LONDON, June 8 (Reuters) - A major global internet outage that took several websites offline on Tuesday was caused by a problem at cloud computing company Fastly Inc’s real-time content delivery network (CDN).
High traffic sites including news providers The Guardian, Financial Times and New York Times, as well as the British government and Amazon were hit by the outage, which lasted for more than an hour.
What is Fastly?
U.S.-listed Fastly, founded in 2011, operates a CDN, a distributed group of servers that work together to provide fast delivery of content.
It moves content closer to end users, in theory helping sites manage traffic spikes and mitigate security threats.
The company says putting data and applications at the edge of the network results in a better experience for users, enabling pages to load quicker and sites to manage high volumes of page requests better, for example in a breaking news situation.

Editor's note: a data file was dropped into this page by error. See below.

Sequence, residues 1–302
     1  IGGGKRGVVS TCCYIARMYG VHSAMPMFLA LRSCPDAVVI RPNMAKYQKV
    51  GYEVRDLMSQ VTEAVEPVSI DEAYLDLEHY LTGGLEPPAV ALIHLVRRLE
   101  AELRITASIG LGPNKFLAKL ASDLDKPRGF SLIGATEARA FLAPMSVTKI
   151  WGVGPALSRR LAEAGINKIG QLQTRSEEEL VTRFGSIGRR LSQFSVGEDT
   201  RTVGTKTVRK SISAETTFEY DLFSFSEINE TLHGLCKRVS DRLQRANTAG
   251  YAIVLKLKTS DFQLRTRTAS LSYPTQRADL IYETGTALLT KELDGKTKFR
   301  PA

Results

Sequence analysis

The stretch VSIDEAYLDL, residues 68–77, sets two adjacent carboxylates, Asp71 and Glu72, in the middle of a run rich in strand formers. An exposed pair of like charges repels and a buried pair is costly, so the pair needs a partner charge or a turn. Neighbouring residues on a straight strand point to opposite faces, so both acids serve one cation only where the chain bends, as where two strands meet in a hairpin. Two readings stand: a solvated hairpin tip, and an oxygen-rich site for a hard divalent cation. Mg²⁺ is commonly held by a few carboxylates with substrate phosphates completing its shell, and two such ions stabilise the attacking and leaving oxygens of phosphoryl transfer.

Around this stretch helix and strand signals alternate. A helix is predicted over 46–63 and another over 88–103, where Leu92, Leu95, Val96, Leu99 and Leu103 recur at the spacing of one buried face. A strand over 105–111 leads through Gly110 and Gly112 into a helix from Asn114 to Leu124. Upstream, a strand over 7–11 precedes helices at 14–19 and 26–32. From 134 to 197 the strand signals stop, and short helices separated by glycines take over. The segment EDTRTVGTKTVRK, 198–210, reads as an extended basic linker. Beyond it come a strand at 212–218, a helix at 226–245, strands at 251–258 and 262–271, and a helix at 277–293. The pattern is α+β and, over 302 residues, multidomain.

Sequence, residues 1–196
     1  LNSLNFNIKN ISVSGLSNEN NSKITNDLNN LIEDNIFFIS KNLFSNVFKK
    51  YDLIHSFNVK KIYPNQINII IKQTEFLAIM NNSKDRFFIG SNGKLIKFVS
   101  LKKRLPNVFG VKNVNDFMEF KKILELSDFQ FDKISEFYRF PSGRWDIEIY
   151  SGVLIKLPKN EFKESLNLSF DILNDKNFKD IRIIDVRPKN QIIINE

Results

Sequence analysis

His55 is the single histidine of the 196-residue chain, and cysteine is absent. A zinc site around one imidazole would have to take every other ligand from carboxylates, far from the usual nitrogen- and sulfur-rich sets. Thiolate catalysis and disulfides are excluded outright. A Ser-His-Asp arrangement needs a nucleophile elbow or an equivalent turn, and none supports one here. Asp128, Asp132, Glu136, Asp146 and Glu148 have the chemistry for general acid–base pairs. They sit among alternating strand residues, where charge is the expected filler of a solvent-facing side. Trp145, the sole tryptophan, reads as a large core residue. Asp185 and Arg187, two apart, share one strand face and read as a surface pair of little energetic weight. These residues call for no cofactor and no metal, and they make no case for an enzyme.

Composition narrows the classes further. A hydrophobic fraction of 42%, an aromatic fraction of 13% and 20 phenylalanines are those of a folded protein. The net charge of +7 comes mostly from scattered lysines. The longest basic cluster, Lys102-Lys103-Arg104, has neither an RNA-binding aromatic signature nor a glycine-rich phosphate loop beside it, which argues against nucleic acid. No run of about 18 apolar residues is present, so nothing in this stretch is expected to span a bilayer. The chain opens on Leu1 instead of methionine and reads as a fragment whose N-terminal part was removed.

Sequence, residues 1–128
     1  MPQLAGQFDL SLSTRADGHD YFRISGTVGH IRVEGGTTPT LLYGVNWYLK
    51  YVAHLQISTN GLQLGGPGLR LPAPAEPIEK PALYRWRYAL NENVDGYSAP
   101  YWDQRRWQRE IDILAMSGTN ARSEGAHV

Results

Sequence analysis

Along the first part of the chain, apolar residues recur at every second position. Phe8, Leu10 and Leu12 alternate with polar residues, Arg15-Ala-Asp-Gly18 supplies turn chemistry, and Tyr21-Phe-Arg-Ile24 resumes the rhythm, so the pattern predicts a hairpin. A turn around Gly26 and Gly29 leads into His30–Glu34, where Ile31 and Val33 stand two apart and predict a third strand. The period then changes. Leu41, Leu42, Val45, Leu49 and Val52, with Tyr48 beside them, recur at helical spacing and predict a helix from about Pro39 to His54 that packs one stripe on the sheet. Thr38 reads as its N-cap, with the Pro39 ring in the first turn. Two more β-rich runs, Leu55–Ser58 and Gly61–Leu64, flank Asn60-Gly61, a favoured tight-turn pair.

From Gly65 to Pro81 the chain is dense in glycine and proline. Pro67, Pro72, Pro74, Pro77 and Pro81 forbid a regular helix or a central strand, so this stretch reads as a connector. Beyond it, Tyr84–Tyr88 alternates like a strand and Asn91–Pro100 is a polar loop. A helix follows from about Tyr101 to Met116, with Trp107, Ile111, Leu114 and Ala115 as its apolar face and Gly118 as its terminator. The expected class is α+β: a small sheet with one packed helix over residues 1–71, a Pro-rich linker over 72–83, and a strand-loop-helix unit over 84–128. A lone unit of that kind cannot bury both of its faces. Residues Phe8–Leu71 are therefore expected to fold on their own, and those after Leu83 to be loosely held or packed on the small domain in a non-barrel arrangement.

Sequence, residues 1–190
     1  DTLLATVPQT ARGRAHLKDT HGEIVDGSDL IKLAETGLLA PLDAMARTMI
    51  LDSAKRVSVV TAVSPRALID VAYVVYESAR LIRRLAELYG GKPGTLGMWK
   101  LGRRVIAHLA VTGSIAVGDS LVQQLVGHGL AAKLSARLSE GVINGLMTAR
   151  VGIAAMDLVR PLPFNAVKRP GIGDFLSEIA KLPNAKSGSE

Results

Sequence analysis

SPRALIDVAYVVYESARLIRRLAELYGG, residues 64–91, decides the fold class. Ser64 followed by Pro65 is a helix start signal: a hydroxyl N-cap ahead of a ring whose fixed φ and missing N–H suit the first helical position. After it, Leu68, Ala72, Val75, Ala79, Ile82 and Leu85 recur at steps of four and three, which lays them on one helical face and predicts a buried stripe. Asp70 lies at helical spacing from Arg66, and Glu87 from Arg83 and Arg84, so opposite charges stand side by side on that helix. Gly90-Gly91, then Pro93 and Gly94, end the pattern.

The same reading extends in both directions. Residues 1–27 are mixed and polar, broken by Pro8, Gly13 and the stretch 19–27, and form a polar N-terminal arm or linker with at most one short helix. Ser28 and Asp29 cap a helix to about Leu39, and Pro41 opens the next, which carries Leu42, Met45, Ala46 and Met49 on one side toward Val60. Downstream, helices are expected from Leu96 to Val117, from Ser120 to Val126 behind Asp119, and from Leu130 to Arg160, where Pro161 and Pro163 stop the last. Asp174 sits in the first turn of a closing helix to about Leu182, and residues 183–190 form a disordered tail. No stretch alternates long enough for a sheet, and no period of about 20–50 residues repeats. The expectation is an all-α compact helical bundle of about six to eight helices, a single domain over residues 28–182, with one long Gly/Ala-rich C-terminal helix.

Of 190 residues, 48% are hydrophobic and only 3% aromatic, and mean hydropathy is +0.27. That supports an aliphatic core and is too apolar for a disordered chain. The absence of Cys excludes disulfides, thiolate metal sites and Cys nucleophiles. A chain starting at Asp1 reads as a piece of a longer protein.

What did Fastly say?
Fastly said it was investigating an issue with its CDN services at 0958 UTC (GMT) on Tuesday. “We’re currently investigating potential impact to performance with our CDN services,” it said on its service status page.
At 1044 UTC it said the issue had been identified and a fix was being implemented. UTC is the same as GMT.
At 1057 UTC, it said the issue has been identified and a fix has been applied. Customers may experience increased origin load as global services return.
A company spokesperson said: “We identified a service configuration that triggered disruptions across our POPs (points of presence) globally and have disabled that configuration. Our global network is coming back online.”
Websites were rumbling back to life shortly after it said the fix had been applied.
What is Fastly worth?
Shares in Fastly, which went public in 2019, peaked at $136.5 in October. They closed on Monday at $50.7, giving the San Francisco-based company a market capitalisation of $5.87 billion.
Reporting by Paul Sandle, Toby Sterling and Elvira Pollina. Editing by Jane Merriman